Surviving a Summer Cold

« Back to Home

Are You Facing A Pre-Employment Urine Drug Test For The First Time? Here Are A Few Things To Know

Posted on

For most employment positions, employers want to know that you will be a safe and reliable person. Therefore, a drug test often comes along with a pre-employment screening. A urine screening for drugs is possibly the most cost-efficient way for employers to handle this task, so you will often be referred to a health care clinic where the test will be administered. If you have never had to take a drug test before, you may feel a little uneasy about the process. Here are a few of the biggest questions inexperienced patients tend to have about their first urine drug test. 

How long will the urine screening take?

Urine screenings are usually a brief thing, requiring just a few minutes of your time at the clinic. The person giving the test will likely give you documentation to fill out and sign giving your consent to have your urine tested. The testing process will be explained and you will be given instructions. In some cases, you will not have to wait for the results of the urine test before you can leave. 

Will the administer of the test stay with you while you urinate?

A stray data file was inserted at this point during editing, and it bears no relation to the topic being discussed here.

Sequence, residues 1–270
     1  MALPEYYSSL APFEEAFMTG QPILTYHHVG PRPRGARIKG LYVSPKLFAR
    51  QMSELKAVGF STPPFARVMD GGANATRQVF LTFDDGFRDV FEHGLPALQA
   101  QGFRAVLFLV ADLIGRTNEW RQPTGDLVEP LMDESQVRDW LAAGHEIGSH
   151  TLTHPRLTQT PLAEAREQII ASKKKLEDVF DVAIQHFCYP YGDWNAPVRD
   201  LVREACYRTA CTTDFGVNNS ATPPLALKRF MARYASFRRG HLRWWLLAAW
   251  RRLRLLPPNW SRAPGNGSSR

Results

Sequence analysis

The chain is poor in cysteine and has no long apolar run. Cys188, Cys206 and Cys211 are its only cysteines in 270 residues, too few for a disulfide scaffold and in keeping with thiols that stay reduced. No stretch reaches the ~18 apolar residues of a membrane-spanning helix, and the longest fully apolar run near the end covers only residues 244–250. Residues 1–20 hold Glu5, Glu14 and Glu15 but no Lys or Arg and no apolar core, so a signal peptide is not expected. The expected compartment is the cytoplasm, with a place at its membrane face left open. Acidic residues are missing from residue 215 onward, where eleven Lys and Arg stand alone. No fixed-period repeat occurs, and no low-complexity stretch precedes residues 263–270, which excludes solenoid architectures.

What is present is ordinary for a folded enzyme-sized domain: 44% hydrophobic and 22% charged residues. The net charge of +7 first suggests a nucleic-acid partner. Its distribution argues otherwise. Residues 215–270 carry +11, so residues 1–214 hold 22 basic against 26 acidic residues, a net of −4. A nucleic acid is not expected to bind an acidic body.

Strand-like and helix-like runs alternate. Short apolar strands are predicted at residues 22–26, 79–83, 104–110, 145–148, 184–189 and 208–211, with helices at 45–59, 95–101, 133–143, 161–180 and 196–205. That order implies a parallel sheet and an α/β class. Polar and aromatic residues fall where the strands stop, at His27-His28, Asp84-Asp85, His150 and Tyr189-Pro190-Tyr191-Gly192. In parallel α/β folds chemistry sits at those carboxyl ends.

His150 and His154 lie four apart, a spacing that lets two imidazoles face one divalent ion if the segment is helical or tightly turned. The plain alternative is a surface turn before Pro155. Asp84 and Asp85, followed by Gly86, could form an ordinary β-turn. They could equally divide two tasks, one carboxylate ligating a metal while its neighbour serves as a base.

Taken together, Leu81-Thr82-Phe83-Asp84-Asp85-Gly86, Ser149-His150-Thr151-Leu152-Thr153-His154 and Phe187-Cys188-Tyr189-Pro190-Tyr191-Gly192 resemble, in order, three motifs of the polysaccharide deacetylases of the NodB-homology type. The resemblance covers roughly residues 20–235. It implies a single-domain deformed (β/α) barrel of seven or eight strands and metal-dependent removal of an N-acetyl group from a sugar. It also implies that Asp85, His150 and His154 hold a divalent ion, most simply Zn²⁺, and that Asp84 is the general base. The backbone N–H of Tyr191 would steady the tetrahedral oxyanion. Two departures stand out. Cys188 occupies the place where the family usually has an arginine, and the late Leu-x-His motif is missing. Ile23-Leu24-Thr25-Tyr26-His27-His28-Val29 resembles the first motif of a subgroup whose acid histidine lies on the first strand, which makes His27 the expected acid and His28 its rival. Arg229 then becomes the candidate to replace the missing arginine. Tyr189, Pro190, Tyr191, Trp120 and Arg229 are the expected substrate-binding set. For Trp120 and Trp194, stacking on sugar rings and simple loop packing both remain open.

The person giving the urine test will not stay in the room with you while you urinate. However, they may ask that you leave the door slightly open while they stand nearby. This is a preventative measure to ensure you do not water down your urine in the sink or flush any containers (used to hold fake or purchased urine) down the toilet. 

What types of drugs can be detected with a urine screen?

The drug screening using your urine will show various drugs depending on what the test is designed to detect. Some of the most common drugs an employer will be looking for with a urine drug test include:

  • opiates and other prescription medications
  • marijuana
  • cocaine
  • methamphetamine 

What do you do if you are on prescription medication?

If you are on prescription medications, it is best to let the person administering the test know before the actual test. In fact, this is a question that is usually asked on the forms you fill out when you first arrive. While most prescriptions will not be a concern, some, such as opiates or benzodiazepines may show up. It is a good idea to bring your current prescription medication bottles with you to prove you are indeed under a doctor's care and taking the medications legally. 

For more information, contact local professionals like Pecos Drug Testing.